Arkaroola itself has had fairly mediocre mining success. When settlers in SA, our only non-penal colony, started heading for the Victorian gold rush the Adelaide chiefs feared for the settlement. They tried to persuade miners to stay home because there was gold in them thar Flinders. There wasn’t. Copper was found in enough quantity to get some digging but the ventures went broke.
Arkaroola is a geologists’ paradise and you learn you are walking in the footsteps of extraordinary people. Exploits of outback legend Reg Sprigg, of Santos and Moombi oil fields fame, are detailed in the book Rock Star by Kristin Weidenbach. (Reg found the oldest fossil in the world, drove the first vehicle across the Simpson with his wife and kids, did scary exploration on the ocean floor and was given the keys to the City of London for his services to geology.)
An Arkaroola peak is named after Reg’s close friend and confidante Sir Mark Oliphant, who searched here for uranium to make the world’s first atom bomb, worked on the Manhattan Project and then walked a humanitarian line, pleading for nuclear energy not to be used in weapons. A valley is named after Sir Douglas Mawson, Reg Sprigg’s mentor who also searched here for uranium.
Ridges of haughty grandeur tolerate what vegetation will endure the average rainfall of 170mm. Green deposits on rocks signal uranium but glittering shards tell of other fierce twists in the bowels of the earth.
New vegetation rose up after the floods of 1974, including a swathe of pines flanking the perilous Ridge Top road. Goats chewed off the saplings as their numbers exploded; more than 90,000 were shot over 20 years.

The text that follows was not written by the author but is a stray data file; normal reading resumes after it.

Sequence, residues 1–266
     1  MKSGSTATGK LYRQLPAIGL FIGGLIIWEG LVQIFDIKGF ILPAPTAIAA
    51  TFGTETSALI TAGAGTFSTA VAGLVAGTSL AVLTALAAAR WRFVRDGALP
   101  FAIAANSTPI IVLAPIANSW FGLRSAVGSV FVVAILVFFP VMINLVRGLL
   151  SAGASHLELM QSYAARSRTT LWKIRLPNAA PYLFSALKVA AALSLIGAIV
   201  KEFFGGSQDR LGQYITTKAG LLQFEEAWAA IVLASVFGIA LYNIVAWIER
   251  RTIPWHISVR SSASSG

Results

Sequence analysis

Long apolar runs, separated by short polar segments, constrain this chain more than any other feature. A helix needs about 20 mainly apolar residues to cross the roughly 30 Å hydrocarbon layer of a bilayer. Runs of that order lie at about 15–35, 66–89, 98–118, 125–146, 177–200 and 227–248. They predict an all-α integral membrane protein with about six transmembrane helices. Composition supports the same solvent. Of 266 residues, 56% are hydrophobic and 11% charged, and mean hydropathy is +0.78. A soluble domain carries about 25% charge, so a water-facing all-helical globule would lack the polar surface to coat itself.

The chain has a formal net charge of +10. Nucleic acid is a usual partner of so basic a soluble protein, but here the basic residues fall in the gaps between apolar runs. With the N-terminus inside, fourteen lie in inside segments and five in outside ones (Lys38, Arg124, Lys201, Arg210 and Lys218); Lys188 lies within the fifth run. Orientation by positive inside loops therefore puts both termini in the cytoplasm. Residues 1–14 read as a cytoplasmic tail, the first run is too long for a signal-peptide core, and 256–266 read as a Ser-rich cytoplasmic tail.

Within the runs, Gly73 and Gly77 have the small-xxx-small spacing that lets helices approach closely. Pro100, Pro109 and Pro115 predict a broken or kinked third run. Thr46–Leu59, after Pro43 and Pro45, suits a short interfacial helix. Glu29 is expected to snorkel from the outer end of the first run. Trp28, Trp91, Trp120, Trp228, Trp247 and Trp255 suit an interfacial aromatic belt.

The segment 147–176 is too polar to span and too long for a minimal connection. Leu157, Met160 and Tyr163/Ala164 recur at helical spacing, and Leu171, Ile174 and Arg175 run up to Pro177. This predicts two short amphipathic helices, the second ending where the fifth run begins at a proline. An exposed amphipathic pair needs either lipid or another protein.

Keeping feral animals out of Arkaroola is still a battle but keeping the miners out was even tougher. When the SA government turned a little overly miner-friendly Doug led the fight to keep Arkaroola free from mining exploration.
“Arkaroola really belongs to the people,” he said. “We run it like a national park, only we have to make a profit. We also make donations to conservation, research and education.”
His sister Marg was away when we were there. A geologist, she looks after the management side of Arkaroola while Doug flies tourists on flights over the ranges, drives them to the ridge tops and beyond and shows them the starry heavens on dark nights. Restless Sprigg energy is evident, laced with a passion for knowledge and spillway of stories.
At the helm in doors in Marg’s absence were Doug’s partner Vicki Wilson and vivacious cook and bar manager Gemma.
An arid range of strange and grim fascination, Arkaroola is a long way from an English country garden – or even the Sydney suburbs where Vicki lived until a year ago. She worked in finance projects for One Steel Arriom but escaped the harbour city as often as she could to go on bush camping trips.
Two years ago (“I was on a camping trip with my ex-mother-in-law,” she says wryly) she met Doug. She moved to Arkaroola and loves the vastly different life. ”I had to adapt to not being able to pop out to the shops for things but, apart from missing my family, I love this life.”
She pointed us at the waterholes and places of interest. We didn’t make it to the Paralana Springs site but that might be on the cards one day. A doctor thought the radon springs would be therapeutic for his patients. He set up a spa in 1923 and rattled one group of patients up there before it all became too hard because of the rugged remoteness and grim roads. It was shut down in 1924. No records show what happened to patients bathed in radon.
“There’s a really unusual bacteria in those springs,” said Vicki. “They tried to work out how it could survive and found it has a regenerative gene. It heals itself. They have only found that sort of thing in nuclear plant emissions.”
Wow. Of all the fascinating features in Arkaroola, that one grabbed me. A gene that repairs the body. Isolate that gene and you would think you would be sitting on something a lot richer than a mine chockful of uranium, gold and diamonds. Maybe we should get that spa going again.